Marie Antoinette's pastry slave (mark356) wrote,
Marie Antoinette's pastry slave
mark356

I swear I am more surprised every time I browse a shelf of books translated into Japanese from the English. I can't believe how many books have made it over!

All the teachers in the school have to write a 2-line blurb about one of the books in the library. This means that I needed to go and thoroughly check out their foreign section. (I've read many books in Japanese, but my all-time favorite books are still almost all English.) I'd never done that before-- I'll borrow a Japanese book, sure, but I usually prefer to read English books in the original English.

The foreign section is three 2-meter long bookshelves, front and back. If it were one set of floor-to-ceiling bookshelves it would be some nine meters long. That's huge-- way more books than I own. They have plenty of obvious classics (Harry Potter, all of the Narnia books, some Christopher Robin). Also a lot of my favorites: all of the Earthsea books, the His Dark Materials series, even about six Meg Cabot books. (The librarian said that most of the girls knew Meg Cabot.) Then there were a bunch of books that I'd sure enjoyed, but was still a bit surprised to see in translation: Hoot and Scat, Lionboy (the librarian said that that one was popular about ten years ago), Artemis Fowl. Not only Treasure Island but also The Bottle Imp.

I always feel like the trade is a bit unfair: there are plenty of Japanese authors who are at least as popular in Japan as Carl Hiassen is in America. Most people have probably read a couple of Higashino Keigo books even if they aren't big mystery readers. Every woman in the country knows Hayashi Mariko. You don't need to be big into sports books to read Asano Atsuko, either. Tsujimura Mizuki's story about a medium was made into a popular movie, as was part of one of Onda Riku's supernatural mystery series. A bunch of my kids like Yamada Yusuke, though I don't much like his brand of gross-out humor. But hands up anyone who doesn't know Japanese who knows any of these authors. Granted, the only author in this list who tends to write books classified as middle-grade here is Asano Atsuko, as opposed to, debatably, every English book listed above. But I'd be surprised to see translations of any of them in a library in America, and certainly not in a one-room school library.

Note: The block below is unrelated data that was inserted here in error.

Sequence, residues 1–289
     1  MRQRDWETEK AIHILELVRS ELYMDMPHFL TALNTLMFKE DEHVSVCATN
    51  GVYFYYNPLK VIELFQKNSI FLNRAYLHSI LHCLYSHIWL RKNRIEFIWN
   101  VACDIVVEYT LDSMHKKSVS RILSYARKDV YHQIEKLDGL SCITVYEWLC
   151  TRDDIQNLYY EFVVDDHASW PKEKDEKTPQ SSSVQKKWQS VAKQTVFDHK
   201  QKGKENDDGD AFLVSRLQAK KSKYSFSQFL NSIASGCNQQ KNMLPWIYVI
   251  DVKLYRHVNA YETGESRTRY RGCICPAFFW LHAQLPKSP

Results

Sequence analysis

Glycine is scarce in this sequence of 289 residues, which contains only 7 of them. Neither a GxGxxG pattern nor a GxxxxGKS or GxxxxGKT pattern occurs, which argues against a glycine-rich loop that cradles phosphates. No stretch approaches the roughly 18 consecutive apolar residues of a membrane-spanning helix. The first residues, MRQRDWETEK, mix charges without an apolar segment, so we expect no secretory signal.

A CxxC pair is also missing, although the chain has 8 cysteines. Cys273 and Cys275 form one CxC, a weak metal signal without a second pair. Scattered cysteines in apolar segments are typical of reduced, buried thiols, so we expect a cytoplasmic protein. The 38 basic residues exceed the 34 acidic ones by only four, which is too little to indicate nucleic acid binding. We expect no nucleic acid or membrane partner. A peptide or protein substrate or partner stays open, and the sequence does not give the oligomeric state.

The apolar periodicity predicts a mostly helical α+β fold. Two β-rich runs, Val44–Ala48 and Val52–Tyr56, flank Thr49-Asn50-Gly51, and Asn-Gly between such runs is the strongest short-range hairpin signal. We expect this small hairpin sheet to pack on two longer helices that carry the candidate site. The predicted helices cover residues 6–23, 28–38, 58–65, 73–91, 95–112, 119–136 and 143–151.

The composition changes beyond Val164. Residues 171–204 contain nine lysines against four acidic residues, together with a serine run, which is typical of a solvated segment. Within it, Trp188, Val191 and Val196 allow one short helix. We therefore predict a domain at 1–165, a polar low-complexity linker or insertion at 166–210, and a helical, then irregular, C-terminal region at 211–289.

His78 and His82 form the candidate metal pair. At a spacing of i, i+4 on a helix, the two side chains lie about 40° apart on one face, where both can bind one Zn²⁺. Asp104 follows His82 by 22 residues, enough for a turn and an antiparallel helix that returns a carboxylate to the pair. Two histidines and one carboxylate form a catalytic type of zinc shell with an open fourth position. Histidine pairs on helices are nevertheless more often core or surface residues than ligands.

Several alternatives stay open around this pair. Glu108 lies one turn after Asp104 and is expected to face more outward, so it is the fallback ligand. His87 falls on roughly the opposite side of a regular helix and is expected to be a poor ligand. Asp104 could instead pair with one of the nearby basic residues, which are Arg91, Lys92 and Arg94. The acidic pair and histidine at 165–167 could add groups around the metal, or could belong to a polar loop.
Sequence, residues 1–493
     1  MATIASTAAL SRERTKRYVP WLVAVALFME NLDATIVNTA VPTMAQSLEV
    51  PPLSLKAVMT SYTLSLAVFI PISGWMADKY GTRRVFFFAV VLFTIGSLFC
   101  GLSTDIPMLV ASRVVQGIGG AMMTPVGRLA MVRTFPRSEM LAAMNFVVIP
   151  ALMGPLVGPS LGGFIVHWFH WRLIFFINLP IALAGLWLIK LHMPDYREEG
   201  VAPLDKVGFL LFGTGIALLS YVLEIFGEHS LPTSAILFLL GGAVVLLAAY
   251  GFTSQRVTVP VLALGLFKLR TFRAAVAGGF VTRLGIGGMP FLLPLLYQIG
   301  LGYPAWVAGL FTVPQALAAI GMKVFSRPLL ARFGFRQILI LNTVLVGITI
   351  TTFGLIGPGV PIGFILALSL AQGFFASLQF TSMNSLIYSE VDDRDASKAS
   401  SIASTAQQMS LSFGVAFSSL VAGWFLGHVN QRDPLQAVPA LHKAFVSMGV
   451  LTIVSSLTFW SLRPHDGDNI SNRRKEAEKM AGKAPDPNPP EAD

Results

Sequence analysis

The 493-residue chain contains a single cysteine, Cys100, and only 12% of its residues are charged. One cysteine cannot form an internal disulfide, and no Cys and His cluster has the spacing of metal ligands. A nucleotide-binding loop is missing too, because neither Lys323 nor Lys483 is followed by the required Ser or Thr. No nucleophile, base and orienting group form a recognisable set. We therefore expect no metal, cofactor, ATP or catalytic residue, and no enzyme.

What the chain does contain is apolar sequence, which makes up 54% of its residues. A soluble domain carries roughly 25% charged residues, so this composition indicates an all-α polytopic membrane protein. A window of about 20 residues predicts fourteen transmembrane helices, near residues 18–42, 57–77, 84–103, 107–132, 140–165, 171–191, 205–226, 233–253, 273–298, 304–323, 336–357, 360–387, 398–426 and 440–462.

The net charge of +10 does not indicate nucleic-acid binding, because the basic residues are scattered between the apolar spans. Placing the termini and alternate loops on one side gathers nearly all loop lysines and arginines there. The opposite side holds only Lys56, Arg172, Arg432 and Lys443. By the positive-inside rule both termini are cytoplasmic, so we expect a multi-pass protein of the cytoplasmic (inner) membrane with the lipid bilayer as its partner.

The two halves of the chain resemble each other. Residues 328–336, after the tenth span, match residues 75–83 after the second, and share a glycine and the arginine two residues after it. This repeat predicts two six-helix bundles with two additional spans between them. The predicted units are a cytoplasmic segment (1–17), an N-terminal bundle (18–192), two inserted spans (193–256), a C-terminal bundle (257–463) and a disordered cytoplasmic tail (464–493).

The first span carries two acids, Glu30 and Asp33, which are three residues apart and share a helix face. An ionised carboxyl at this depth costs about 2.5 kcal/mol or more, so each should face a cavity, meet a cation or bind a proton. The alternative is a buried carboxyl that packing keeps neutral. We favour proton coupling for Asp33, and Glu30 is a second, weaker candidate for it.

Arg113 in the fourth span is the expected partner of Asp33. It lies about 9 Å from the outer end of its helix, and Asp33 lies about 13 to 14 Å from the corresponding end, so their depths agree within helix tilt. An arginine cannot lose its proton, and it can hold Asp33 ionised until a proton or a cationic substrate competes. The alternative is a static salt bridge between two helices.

When I found the collection of Diana Wyne Jones translations, I just stopped looking. They have all three Howl books, all six Chrestomancis, and even Hexwood and A Tale of Time City. My middle school library in America didn't even have all of those! (Please ignore that when I was in middle school there were only two Howl books and four Chrestomanci ones.) The only question is which: most of them know the Miyazaki film that shares a title with Howl's Moving Castle but not the actual book; and as an introduction to the Chrestomanci books, I can't decide whether I prefer the one written earlier (Charmed Life) or the one set earlier (The Lives of Christopher Chant). I am currently rereading those three in an attempt to decide.
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